Also that Nathanael Greene's remains disappeared while Sherman's troop were bivouacked here, they later were found and re-buried in one of the downtown squares.

  7. So glad you had a great time visiting one of my favorite cities... Yes it is hectic getting to there and all but once inside the grand city it is a step back in time. What a GREAT historic city! Have a wonderful day today & travel safe!!!

  8. Good advice to bypass Paula Deen's restaurant...nothing special. Her brother's place, Bubbas, on the other hand is quite good as is The Pirate House....however, be sure you go hungry! A bit on the pricey side, but oh so good! Mrs. Wilkes is a good experience and if you have the time, it is worth the wait.

  9. Mickeyd
    Savannah is a great place to visit and tour. Tour companys do vary in price and emphasis however. The operater that has the gray vans offers the most information about the true southern southern hosptality

  10. Oh my God, Laurie, I opened up your blog and just skimmed it first. When I saw that first picture of Odel at the Masada I felt terrible! He looks so unhappy! I was half afraid to read what you had written, thinking I was about to read that you took my suggestion and hated it. Whew! Glad y'all ended up liking it. (I threw that "y'all" in there for the full Savannah effect.)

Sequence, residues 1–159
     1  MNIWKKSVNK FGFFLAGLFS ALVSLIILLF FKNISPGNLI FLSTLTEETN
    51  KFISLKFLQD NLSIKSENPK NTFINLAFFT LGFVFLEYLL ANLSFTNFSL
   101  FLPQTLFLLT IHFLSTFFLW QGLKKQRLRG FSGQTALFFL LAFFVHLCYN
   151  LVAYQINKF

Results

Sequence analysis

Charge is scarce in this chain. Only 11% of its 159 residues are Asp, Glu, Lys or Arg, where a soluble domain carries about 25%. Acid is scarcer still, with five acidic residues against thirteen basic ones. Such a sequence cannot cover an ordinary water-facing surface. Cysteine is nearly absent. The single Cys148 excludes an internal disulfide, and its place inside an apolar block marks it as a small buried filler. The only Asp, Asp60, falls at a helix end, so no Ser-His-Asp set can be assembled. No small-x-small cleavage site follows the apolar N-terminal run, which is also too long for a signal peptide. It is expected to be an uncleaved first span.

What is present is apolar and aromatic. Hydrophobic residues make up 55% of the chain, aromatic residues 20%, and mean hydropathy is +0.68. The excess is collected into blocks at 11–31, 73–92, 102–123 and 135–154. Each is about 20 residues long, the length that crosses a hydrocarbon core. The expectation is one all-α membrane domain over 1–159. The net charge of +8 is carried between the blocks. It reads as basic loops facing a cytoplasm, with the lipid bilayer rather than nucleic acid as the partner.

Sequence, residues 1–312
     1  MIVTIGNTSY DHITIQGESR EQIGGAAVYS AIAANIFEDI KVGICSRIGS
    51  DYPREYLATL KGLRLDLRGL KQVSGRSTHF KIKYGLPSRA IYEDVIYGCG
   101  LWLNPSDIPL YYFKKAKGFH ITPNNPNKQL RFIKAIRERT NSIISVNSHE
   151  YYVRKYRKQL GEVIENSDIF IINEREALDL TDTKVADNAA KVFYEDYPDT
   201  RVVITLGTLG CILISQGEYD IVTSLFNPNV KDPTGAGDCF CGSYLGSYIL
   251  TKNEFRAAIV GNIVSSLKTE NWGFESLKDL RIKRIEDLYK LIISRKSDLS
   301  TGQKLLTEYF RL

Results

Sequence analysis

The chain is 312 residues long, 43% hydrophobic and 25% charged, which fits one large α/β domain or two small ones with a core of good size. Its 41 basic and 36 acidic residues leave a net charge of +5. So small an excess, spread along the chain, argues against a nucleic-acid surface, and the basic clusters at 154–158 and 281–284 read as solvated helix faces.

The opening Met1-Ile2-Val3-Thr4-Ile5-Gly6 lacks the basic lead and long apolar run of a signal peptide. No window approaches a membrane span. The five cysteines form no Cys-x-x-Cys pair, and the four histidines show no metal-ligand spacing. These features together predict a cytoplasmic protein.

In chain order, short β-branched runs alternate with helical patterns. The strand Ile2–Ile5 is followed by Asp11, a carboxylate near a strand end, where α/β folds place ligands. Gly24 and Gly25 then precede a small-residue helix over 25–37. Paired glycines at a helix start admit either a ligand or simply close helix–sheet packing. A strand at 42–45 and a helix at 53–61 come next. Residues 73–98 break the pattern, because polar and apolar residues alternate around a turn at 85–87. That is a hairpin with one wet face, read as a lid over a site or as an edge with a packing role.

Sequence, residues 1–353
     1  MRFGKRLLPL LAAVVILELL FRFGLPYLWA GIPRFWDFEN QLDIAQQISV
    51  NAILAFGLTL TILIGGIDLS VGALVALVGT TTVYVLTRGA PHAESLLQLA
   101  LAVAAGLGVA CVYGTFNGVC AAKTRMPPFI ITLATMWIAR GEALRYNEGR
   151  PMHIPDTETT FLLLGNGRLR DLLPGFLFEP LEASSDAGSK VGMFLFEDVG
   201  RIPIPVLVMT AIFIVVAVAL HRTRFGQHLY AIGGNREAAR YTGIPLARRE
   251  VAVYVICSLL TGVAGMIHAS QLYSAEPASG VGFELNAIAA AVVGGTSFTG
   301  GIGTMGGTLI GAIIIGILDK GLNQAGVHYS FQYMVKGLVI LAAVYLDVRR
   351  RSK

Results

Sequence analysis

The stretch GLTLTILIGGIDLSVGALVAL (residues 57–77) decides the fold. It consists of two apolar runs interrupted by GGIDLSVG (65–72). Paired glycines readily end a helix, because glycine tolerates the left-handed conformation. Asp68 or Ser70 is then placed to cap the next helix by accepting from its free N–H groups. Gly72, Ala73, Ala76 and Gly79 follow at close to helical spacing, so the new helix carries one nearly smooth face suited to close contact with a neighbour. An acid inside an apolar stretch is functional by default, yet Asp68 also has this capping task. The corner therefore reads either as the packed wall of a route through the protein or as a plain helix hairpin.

I'm a Conroy fan, too, and have spent many a trip to that area trying to find that "low-county" experience. In the Savannah area, a drive out to Tybee Island will take you through an area pretty close to what you are picturing from the Conroy books. If you like a good breakfast, "The Breakfast Club" on Tybee can't be beat. A lot of people recommend the Crab Shack on Tybee for seafood but I've never tried it. Someone earlier mentioned "Uncle Bubba's" and that's on the way out to Tybee. That is a good suggestion for seafood. It's Paula Deen's brother's restaurant and can get very crowded but the deck out back is in a great low country setting. Their oysters on the grill can't be beat and they have a good low country boil and good fried chicken. Driving from Savannah to Tybee, you would pass right by Bonaventure Cemetary which I still really think you would like.